Book Review: Zoe Gets Ready

Bethanie Deeney Murguia. Zoe Gets Ready. New York: Arthur A. Levien Books, 2012. 30 pages.

This delightful picture big is an absolute joy to read with your little one–though, I’m guessing, substantially more joyful to read with a little girl than a little boy. The plot is simple: it’s Saturday and Zoe, who looks to be somewhere between 4 and 6, gets to decide what she’s going to wear for the day. And, for the rest of the book, she thinks about what kind of day she wants to have, and imagines herself wearing the appropriate clothes. Zoe Gets Ready

It sounds like a simple enough idea, and you’re probably thinking that it sounds suspiciously like a similar sequence in Olivia. But Zoe is a much, much better protagonist than Olivia, and not just because she’s innocent of torturing the cat or destroying a priceless world heritage site in Venice (but that’s the subject of another review). The little nuances Murguia gives her show Zoe’s sense of wonder at it all. You wouldn’t think that a closet full of clothes could be so magical, but it’s easy to see how, in the eyes of a toddler, it is. And, in the hands of a skilled artist, we, the reader, get to share in that magic.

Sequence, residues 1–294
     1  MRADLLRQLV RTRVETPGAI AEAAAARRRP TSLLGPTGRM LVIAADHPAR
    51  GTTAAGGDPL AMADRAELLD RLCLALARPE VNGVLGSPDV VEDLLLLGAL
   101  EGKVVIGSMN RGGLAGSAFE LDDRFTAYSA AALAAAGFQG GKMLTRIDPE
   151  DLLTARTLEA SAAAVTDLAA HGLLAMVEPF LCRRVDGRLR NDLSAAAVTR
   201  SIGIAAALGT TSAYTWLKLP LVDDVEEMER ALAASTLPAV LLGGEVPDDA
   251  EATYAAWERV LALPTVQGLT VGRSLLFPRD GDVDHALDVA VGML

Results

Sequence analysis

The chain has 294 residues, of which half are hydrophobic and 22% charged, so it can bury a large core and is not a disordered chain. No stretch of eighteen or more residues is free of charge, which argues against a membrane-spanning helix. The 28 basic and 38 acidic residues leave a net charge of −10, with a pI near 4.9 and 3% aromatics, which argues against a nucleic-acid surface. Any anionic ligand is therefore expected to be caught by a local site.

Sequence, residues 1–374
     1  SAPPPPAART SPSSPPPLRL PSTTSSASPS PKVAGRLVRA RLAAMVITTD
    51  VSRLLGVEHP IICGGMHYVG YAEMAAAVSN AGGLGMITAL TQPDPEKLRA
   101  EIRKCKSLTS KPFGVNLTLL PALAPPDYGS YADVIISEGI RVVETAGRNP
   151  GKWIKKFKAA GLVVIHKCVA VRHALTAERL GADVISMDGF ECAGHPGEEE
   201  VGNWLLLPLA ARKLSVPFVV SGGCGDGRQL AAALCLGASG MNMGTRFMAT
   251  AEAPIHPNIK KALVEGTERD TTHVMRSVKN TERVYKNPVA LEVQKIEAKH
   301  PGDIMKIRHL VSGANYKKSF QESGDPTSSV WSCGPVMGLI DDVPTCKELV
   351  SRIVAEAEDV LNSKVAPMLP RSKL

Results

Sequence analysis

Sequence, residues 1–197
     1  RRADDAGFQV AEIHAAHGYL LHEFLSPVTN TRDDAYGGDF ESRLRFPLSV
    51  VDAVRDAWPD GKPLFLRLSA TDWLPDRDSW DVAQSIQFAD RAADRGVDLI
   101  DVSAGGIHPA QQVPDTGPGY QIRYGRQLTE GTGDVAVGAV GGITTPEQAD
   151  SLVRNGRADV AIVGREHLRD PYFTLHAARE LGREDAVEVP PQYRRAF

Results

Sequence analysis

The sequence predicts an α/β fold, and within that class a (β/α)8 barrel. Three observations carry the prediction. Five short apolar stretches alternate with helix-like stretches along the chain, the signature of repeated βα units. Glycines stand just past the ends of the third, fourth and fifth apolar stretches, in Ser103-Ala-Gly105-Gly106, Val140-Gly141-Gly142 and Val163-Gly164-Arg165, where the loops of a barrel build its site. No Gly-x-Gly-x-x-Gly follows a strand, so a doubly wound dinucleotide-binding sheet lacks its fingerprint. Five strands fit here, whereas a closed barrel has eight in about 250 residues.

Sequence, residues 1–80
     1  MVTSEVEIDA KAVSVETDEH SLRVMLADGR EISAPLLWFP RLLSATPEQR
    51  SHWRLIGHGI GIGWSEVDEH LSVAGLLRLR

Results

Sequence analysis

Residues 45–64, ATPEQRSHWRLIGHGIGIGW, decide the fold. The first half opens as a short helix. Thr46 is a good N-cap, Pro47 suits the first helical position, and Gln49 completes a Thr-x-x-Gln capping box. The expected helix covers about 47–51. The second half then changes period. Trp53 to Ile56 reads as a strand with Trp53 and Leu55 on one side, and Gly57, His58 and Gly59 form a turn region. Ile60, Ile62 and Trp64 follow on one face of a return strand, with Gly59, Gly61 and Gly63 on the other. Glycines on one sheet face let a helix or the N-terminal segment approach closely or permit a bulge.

There are a lot of little details I love. for example, as Zoe is standing in front of her closet, her little sister and dog wander in, and they join her in each of her imagined adventures. On first read you might not even realize it, until, on a page where Zoe imagines herself hidden in a tree while her sister and dog play below, a word balloon from her mother breaks in, asking is she’s seen her sister.

There’s a lot to love about this book.

Let’s face it–if your kid ends up liking this book, you’re going to be reading it again and again and probably even again. Zoe Gets Ready is one of those picture books with enough little details to keep you enjoying the read as much as your little one. Most kids’ books are pretty much identical on the big things–they let you bond with your child and share some sort of positive message about the power of imagination, perserverance, acceptance, or whatever. It’s the ones that get the little things right that you don’t mind reading time after time. And Murguia definitely gets the little things right here.

Bottom line, this is a great book–especially recommended for reading to an older toddler with a younger sister.

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